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A SET OF TWELVE FRENCH EMPIRE SILVER-GILT DINNER-PLATES FROM THE BORGHESE SERVICE
VAT rate of 5% is payable on hammer price and at 2… Read more PROPERTY FROM A SWISS PRIVATE COLLECTION (LOTS 255-263)
A SET OF TWELVE FRENCH EMPIRE SILVER-GILT DINNER-PLATES FROM THE BORGHESE SERVICE

MARK OF MARTIN-GUILLAUME BIENNAIS, PARIS, 1809-1819

Details
A SET OF TWELVE FRENCH EMPIRE SILVER-GILT DINNER-PLATES FROM THE BORGHESE SERVICE
MARK OF MARTIN-GUILLAUME BIENNAIS, PARIS, 1809-1819
Each circular and with anthemion border, engraved with a coat-of-arms below a Royal crown, nine marked near rim and further stamped 'Biennais', three marked near rim and in centre
9¼ in. (24 cm.) diam.
225 oz. 14 dwt. (7,021 gr.)
The arms are those of Borghese, for Prince Camillo Borghese (1775-1832) and his wife Pauline Bonaparte (1780-1825). (12)
Provenance
Prince Camillo Borghese, who married Pauline Bonaparte, the sister of the Emperor Napoleon on 6 November 1803.
The Borghese Palace sale, Giacomini and Capobianchi, Rome, 28 March - 9 April 1892, part of lot 847.
Don Antonio Licata.
Prince Baucina.
Ercole Canessa.
Mrs Edith Rockefeller McCormick, American Art Association/Anderson Galleries Inc., New York, 5 January 1934, one of lots 707-714.
Special notice

VAT rate of 5% is payable on hammer price and at 20% on the buyer's premium.

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Tom Johans

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Lot Essay

The Borghese Service

The magnificent Borghese Service, comprising 500 silver-gilt objects primarily by Martin-Guillaume Biennais (1764-1843) and with over 1,000 other pieces by various makers, is traditionally thought to have been a gift from Napoleon to his second sister Pauline Bonaparte (1780-1825) on the occasion of her marriage to Prince Camillo Borghese (1775-1832) on 6 November, 1803. It is now believed that most of the service postdates 1805, when Napoleon was styled King of Italy. In addition, many articles, such as the present plates, have Paris hallmarks for 1809-1819. The service was added to in the 1820's by Florentine and Roman silversmiths after original Biennais designs, see for example a coffee-pot by Pietro Paolo Spagna, Christie's London, 12 June 2002, lot 10.

Pauline Bonaparte

Pauline Bonaparte was born in 1780 in Ajaccio, Corsica, the second of Napoleon's sisters and considered the most beautiful. In 1797 she married one of her brother's staff officers, General C.-V.-E. Leclerc, and went with him to Santo Domingo. Following his early death from yellow fever, she returned to Paris, met and married Prince Borghese and moved with him to Rome. In 1804, Borghese received the title of a French Prince, and in the following years accompanied the Emperor in the Austrian and Prussian campaigns. Nonetheless, his marriage with Pauline was an unhappy one and they separated fairly quickly. Following the Treaty of Tilsit he was made Governor of Piedmont. He was paid the huge sum of one million francs which, added to his own fortune, allowed him to live in the grandest style. In the meantime his wife spent most of her time in Paris and with the fall of Napoleon in 1815 she tried to gain permission to join him in exile in Saint Helena. When this was denied she returned to Rome and took up residence in the Borghese Palace. She did however join her husband in Florence shortly before her death in 1825.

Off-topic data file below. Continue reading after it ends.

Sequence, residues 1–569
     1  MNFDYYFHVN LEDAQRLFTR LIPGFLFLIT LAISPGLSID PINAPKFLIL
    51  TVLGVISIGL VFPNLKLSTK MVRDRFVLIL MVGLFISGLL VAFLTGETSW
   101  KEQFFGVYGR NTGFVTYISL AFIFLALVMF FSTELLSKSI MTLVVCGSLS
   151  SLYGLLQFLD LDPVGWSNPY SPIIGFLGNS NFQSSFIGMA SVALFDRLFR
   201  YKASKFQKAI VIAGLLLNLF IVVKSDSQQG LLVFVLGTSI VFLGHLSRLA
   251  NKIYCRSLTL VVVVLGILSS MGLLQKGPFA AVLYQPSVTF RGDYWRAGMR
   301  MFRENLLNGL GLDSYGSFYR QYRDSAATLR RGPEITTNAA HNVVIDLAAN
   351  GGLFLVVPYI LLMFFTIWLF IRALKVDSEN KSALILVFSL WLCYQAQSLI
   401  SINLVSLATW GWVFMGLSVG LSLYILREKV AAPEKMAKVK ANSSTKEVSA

It has been suggested that Pauline Borghese was responsible for many of the later additions to the service, but it is at least as likely that Prince Borghese himself ordered the pieces. It is certainly possible that that service was split up between the Roman and Florentine residences and that both the Prince and Pauline added to it. The service remained at the Borghese Palace in Rome until it was sold in the auction of the Palace contents in 1892. The service was listed in its entirety in the auction catalogue entitled 'Catalogue des objets d'art et d'ameublement. Le grand appartement au premier étage du palais du Prince Borghese à Rome.' and was offered as a single lot.

The service appears to have subsequently changed hands at least three times before becoming part of the collection of the American, Edith Rockefeller McCormick, who exhibited the entire service from 1924-1932 at the Chicago Art Institute. On her death in 1934, the service was sold by the American Art Association/Anderson Galleries in New York where it was split into nearly 150 lots. Pieces from the service are now widely scattered, with objects in many private collections and museums.

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